An often-forgotten threshold factor for spoliation sanctions is that litigation must be reasonably anticipated. In this case, this key factor was overlooked and not proven by the moving party leading to the rejection of their spoliation claim.
In this breach of contract and fraud case surrounding a failed hay sale, the plaintiffs filed a motion for e-discovery sanctions against the defendants based on the loss of key evidence, cell phone photographs.
The plaintiffs contracted with the defendants to purchase hay. The defendants claimed that lightning caused a fire which destroyed some of the hay intended to be sold to plaintiff. As evidence of the fire, the defendants took cell phone pictures of the “smoldering, smoking embers.” When asked for the photos, the defendants said that the photos were gone about “five cell phones ago.”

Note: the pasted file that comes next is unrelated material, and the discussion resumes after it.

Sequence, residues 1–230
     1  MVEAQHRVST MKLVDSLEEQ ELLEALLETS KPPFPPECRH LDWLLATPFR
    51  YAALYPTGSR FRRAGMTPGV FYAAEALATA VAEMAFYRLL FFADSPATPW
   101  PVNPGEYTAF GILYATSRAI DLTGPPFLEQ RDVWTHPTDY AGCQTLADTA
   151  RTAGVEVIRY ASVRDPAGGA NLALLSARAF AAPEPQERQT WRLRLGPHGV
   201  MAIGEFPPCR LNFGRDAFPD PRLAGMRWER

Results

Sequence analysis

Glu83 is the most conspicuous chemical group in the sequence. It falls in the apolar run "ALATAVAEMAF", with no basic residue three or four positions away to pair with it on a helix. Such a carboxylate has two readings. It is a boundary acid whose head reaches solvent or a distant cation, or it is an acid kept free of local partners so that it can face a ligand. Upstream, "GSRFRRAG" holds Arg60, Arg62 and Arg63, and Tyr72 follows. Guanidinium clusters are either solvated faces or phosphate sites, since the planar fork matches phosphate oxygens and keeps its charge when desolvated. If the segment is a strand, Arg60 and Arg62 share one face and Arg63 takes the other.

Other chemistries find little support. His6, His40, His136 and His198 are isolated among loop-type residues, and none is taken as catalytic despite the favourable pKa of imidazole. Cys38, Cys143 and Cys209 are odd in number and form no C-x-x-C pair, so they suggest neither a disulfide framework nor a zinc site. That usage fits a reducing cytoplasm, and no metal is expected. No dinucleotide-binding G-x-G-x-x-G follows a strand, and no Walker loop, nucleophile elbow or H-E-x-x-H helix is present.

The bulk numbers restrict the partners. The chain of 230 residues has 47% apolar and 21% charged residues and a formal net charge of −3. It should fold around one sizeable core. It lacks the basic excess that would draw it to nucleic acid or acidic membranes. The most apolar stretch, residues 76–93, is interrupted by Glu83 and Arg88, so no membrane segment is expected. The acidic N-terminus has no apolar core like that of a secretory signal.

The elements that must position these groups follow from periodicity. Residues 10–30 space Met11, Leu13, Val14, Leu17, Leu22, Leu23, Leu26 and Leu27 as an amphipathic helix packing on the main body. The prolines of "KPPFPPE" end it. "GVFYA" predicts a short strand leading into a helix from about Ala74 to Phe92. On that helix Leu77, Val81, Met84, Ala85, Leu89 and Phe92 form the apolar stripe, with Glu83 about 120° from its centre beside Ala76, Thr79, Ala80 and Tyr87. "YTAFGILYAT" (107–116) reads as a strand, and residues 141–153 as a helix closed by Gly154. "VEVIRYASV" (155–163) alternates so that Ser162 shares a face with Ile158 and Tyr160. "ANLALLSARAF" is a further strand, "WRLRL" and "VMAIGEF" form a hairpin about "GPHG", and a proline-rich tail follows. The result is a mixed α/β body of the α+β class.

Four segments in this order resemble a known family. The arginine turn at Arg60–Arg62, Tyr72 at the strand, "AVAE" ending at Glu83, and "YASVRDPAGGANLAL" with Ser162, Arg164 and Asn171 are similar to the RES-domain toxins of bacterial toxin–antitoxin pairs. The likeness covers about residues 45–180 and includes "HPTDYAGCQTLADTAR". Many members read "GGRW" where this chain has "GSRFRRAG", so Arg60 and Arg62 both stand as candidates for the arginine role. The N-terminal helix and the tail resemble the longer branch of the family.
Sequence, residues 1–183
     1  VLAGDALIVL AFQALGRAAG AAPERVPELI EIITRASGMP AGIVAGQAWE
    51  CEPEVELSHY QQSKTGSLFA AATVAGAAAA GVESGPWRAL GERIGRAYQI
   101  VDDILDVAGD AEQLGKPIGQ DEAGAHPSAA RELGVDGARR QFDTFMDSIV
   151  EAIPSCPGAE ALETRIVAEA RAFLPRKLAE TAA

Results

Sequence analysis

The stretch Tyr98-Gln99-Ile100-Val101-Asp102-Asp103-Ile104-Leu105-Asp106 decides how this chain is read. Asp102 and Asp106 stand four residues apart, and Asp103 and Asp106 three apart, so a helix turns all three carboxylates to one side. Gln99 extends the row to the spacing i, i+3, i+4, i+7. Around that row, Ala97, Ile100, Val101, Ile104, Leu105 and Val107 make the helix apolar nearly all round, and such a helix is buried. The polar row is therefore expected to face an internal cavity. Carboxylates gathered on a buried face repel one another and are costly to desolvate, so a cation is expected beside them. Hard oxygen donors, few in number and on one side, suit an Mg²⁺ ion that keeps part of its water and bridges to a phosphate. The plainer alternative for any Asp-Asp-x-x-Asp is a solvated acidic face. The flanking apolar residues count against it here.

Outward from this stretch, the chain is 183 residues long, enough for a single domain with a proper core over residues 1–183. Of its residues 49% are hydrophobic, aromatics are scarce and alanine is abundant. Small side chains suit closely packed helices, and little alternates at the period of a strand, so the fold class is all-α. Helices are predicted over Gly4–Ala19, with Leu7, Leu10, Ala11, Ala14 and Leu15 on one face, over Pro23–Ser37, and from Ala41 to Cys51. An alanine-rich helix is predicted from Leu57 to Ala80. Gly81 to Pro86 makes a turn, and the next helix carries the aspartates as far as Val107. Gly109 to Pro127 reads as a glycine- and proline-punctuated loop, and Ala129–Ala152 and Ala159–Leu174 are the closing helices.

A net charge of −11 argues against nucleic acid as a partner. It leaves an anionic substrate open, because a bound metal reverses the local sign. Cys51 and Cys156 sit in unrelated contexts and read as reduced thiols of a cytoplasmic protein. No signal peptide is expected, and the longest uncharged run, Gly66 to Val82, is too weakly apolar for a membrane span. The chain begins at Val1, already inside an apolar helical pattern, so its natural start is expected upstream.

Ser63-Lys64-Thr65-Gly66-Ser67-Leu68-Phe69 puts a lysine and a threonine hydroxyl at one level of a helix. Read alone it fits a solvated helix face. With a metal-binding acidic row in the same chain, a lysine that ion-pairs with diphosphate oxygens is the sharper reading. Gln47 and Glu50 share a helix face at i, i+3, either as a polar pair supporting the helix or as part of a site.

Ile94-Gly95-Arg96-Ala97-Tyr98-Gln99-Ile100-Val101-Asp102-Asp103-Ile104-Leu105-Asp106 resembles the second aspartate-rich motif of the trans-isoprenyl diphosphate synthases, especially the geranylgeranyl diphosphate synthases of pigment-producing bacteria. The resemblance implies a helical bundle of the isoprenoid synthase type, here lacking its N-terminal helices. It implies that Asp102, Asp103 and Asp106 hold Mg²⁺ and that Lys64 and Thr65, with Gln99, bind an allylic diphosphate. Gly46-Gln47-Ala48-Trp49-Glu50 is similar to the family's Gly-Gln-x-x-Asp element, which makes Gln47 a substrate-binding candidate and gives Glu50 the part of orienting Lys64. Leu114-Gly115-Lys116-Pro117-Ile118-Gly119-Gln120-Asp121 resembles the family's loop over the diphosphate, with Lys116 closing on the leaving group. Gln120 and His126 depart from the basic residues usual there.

Based on the loss of these photos, plaintiffs claim that defendants spoliated evidence by failing to preserve photographs of the smoking embers.
Download the PDF version of Philmar Dairy, LLC v. Armstrong Farms case law alert here.
The court found no expectation of litigation when an alleged fire allegedly destroyed hay that defendant was contractually obligated to provide to plaintiff. A different judge might have reached a different conclusion given the defendant’s disclaimer of responsibility and failure to preserve the only photographic evidence of the alleged fire.